If Jesus Needed a Nap…

At last weekend’s Take Heart conference, God showed up in amazing ways. It was an incredible privilege to be a part of what God did. We shared a much-needed laugh with speaker Liz Curtis Higgs, and we shared our burdens through prayer. Then we received encouragement and practical tools for growth from a talented group of breakout speakers.

My favorite part was the ministries expo, where I learned, among other things, about local organizations that

• help women through grief,

• counsel women with eating disorders,

• connect women to resources for special needs children or aging loved ones,

and even

• rescue women from sex trafficking.

It was exciting to learn ways that the Body of Christ is shining Light in a dark world.

It was a wonderful weekend. But the next few days….I was tired. Utterly couldn’t-keep-my-eyes-open exhausted. Which made me crazy. There were things to do—like the laundry that piled up on the busy pre-conference days. Like getting groceries so I could remind my husband what a home cooked meal looks like.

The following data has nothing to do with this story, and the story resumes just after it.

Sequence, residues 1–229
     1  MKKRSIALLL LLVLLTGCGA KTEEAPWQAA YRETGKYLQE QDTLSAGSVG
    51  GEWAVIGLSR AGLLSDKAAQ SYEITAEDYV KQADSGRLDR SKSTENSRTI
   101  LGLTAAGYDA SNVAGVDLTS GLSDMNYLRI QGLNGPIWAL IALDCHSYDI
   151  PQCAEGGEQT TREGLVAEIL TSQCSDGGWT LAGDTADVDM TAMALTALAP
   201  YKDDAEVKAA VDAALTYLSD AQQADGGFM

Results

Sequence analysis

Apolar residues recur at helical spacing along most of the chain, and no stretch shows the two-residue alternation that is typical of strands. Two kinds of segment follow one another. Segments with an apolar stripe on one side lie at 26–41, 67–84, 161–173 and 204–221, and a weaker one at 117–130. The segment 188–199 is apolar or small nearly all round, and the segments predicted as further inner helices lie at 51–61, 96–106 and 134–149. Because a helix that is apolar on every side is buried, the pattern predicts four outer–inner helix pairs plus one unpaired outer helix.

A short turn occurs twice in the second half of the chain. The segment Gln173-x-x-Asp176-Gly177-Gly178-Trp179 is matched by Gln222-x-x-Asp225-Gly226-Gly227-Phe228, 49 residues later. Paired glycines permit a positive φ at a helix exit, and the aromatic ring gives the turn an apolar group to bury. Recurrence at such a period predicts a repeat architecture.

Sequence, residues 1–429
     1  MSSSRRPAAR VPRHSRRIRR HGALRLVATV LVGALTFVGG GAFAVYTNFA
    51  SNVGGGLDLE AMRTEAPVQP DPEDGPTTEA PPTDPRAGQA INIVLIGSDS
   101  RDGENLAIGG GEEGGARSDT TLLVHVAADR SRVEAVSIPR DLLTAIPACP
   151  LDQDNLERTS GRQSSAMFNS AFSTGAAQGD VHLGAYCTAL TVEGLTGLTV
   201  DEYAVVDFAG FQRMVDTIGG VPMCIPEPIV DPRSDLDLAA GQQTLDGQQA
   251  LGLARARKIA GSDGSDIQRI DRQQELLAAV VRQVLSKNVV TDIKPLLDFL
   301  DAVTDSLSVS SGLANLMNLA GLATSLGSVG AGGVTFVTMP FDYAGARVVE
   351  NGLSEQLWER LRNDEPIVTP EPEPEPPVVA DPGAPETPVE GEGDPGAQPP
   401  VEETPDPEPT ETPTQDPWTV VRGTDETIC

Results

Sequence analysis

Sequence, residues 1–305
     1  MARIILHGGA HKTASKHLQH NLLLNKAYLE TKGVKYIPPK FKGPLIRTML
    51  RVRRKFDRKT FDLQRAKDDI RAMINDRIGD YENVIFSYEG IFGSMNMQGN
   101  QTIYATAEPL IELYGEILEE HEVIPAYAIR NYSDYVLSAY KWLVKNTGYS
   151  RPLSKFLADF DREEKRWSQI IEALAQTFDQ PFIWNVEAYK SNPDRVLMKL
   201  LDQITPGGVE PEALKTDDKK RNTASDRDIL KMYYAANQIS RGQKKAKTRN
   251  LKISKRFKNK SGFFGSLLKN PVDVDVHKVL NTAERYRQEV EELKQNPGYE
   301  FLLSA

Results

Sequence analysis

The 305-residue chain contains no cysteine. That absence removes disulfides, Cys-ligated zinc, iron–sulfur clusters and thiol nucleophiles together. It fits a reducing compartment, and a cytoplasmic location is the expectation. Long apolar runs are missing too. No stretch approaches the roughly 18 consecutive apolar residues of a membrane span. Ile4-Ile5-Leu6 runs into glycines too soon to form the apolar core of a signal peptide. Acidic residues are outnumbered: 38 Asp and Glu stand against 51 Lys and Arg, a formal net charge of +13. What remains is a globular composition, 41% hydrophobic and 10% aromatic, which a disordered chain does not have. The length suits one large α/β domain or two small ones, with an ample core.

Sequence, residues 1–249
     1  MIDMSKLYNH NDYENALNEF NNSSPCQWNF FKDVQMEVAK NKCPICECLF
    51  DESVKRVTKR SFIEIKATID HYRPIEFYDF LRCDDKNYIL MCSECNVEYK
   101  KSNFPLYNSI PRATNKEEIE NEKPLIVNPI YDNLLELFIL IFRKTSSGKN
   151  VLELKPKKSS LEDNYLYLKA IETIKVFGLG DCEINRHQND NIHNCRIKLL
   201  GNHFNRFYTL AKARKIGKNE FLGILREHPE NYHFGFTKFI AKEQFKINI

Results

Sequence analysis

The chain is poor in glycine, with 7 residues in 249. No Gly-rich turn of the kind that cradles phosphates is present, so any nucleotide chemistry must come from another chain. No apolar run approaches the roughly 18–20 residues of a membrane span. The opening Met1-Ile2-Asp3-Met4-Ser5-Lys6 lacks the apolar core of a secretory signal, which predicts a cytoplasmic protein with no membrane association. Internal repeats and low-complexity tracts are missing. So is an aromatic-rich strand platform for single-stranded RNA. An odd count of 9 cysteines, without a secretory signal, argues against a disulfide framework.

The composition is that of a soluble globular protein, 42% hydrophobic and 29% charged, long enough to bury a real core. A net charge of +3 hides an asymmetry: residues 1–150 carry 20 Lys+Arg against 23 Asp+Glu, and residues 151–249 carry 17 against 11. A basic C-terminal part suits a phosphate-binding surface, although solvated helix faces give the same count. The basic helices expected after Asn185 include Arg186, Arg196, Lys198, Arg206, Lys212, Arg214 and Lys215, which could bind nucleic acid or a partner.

I felt like I needed to keep going, but I just couldn’t move!

As I tried to marshal energy that just isn’t there, I remembered a familiar story from Luke 8 (and also Matthew 8 and Mark 4)—the account of Jesus calming the storm.

You may remember how Jesus spoke a few words and calmed a raging storm for his freaked-out disciples. But what spoke to my heart in my weariness were the words just before the storm-calming part:

As they sailed, [Jesus] fell asleep. A squall came down on the lake, so that the boat was being swamped, and they were in great danger.

The disciples went and woke him… (Luke 8:23-24a)

In other words, Jesus was so tired that he fell asleep and slept right through a huge storm. Tossed and drenched, he stayed asleep until his disciples shook him firmly.

After faithfully serving His Father by teaching and healing, Jesus—the Son of God— couldn’t keep His eyes open.

Sounds a little bit like my post-conference exhaustion. Not that anything I do can be compared to Jesus’s earthly ministry. But it made me wonder.

If Jesus needed a nap, perhaps it’s ok for me—for us—to rest too.